Well, more or less. The New York Times, and many other newspapers, reported today (link 1) on a new project involving Google’s database of 5.2 million digitized books. From this massive compendium of 500 billion words, it is possible to chart the use of words, and even combinations of words, through time. Naturally, that immediately leads to the question of how usage of “anole” and “Anolis” has changed through time. The results are presented in the graphs above. The most obvious surprise is the peak in the mid-1950’s. Why this should be, I don’t know, but my guess is that it has something to do with the actual books that have been digitized. You can check this out for yourself by going to the Google Books website and rummaging around. For example, here’s my search for “Anolis” in the 1950’s (link 2). My guess based on this is that Google was only able to digitize many old journals, and perhaps those journals willing to be involved in projects like the Biodiversity Heritage Library, but that they do not have much of the recent scientific literature in their data base. Compare, for example, the hits that come up for the 50’s versus those for the same search for the 1990’s (link 3). Just a hunch, though—might make an interesting interdisciplinary undergraduate project.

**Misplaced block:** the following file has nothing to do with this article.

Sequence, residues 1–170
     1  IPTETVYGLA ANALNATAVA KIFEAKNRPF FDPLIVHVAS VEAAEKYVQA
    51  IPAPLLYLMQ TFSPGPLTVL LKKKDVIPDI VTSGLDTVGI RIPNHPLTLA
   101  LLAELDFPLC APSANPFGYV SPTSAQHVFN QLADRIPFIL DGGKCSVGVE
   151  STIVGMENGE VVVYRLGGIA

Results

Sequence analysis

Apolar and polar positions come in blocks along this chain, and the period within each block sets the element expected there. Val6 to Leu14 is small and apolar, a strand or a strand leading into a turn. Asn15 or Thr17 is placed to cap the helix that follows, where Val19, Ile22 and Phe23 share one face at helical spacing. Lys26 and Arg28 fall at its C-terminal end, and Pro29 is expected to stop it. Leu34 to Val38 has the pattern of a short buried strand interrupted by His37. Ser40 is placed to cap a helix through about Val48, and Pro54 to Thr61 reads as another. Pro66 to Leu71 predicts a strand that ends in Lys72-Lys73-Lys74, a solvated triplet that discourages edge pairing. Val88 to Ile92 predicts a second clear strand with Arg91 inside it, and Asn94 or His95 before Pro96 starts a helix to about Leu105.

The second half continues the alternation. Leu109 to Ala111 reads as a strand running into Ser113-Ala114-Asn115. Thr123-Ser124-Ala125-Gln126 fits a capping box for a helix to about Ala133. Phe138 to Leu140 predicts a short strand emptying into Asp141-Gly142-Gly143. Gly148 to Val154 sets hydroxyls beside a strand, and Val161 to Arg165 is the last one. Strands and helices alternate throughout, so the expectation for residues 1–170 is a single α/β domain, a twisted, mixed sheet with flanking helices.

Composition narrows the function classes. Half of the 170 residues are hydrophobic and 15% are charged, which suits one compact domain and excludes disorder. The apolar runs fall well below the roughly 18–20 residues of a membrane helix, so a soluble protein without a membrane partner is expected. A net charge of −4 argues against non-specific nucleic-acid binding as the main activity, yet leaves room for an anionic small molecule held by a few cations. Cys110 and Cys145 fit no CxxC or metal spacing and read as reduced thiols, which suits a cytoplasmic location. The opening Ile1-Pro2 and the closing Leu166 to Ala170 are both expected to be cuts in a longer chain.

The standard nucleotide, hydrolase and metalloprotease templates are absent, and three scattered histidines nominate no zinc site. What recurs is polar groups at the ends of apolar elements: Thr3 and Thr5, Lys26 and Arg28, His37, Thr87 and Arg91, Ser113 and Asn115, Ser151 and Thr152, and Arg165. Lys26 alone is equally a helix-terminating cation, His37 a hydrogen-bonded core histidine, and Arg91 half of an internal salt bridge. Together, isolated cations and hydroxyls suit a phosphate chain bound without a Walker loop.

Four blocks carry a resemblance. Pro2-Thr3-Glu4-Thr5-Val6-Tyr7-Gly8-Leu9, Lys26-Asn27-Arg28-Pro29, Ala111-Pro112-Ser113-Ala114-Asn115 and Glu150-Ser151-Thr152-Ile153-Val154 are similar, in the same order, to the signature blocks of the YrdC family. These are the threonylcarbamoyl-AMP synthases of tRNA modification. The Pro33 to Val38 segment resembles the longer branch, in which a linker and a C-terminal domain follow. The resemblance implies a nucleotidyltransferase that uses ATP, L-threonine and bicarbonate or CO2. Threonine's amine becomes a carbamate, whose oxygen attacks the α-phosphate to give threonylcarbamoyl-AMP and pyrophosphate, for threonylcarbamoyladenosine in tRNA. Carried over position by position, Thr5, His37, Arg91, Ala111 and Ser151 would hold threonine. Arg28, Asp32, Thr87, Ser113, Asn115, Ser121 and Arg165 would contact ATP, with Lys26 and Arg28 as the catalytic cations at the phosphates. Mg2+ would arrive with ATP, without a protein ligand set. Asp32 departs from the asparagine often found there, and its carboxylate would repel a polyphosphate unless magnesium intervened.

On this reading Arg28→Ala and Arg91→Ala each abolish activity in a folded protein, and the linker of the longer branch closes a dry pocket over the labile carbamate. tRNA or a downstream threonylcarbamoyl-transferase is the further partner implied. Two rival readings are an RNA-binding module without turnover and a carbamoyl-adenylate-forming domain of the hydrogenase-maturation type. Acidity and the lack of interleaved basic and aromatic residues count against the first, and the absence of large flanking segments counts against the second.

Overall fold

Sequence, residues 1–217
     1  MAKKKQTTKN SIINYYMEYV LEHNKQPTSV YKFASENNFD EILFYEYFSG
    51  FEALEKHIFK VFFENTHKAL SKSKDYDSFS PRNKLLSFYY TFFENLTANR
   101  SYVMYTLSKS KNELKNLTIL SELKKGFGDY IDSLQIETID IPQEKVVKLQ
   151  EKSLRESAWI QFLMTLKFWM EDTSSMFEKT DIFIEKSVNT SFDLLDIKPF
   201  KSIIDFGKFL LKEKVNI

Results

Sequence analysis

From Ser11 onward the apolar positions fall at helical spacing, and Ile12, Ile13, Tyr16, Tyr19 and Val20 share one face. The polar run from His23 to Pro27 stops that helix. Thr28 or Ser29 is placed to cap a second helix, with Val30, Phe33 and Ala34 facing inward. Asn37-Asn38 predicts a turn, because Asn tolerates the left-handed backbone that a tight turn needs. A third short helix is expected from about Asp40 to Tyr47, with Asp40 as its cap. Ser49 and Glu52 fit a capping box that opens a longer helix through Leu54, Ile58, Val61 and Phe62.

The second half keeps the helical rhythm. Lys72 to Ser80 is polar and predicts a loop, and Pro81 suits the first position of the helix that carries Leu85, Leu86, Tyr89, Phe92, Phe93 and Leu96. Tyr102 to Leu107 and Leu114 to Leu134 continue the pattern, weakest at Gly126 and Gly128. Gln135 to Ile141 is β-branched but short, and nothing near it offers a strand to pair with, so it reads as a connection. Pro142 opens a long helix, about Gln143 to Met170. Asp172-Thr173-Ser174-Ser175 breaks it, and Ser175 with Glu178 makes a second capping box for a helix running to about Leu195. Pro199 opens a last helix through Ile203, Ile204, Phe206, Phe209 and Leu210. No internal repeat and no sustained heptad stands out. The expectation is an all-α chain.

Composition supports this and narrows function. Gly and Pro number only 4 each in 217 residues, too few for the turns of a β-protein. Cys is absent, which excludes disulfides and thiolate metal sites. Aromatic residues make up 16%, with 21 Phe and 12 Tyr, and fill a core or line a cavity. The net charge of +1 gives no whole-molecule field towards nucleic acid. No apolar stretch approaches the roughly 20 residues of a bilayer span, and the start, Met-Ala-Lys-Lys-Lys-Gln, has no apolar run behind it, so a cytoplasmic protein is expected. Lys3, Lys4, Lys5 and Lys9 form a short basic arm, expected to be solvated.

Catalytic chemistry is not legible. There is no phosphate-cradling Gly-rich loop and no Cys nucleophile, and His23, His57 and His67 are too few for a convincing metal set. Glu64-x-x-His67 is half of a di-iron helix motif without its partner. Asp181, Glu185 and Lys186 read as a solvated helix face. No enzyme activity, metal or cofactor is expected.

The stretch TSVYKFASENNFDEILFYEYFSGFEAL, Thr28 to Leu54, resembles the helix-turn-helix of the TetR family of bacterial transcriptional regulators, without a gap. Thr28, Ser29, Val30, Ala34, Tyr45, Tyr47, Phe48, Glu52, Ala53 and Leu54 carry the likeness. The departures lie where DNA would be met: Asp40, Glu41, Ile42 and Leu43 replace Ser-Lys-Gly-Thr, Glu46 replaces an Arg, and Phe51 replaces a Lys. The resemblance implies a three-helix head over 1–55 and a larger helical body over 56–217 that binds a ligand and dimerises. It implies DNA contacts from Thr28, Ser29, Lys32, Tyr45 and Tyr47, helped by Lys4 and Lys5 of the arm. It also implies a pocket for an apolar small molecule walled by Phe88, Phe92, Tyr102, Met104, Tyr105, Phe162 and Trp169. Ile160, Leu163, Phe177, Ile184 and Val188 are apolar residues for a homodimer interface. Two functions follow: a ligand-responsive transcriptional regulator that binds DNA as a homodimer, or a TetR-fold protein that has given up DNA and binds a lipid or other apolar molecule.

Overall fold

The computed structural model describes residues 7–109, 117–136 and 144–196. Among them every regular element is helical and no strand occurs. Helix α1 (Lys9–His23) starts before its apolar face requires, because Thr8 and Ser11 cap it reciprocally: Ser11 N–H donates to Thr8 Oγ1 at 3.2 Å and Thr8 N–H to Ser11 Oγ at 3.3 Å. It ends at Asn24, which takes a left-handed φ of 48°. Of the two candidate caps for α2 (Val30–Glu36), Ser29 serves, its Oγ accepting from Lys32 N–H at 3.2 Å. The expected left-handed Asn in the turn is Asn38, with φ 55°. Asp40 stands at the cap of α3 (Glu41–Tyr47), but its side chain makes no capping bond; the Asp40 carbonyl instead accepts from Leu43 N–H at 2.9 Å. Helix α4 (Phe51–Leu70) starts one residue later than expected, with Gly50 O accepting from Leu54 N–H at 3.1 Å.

The y-axis reveals that, shockingly, “anole” and “Anolis” are used in only a small minority of all books, surely something that will change in the future as knowledge of and interest in anoles continues to expand. Note, too, that “anole” is used an order of magnitude more often than “Anolis,” not surprisingly given that most of these books are not scientific. It is also possible to search for combinations of words, such as “anole” and “fabulous,” but we have not yet undertaken this exercise.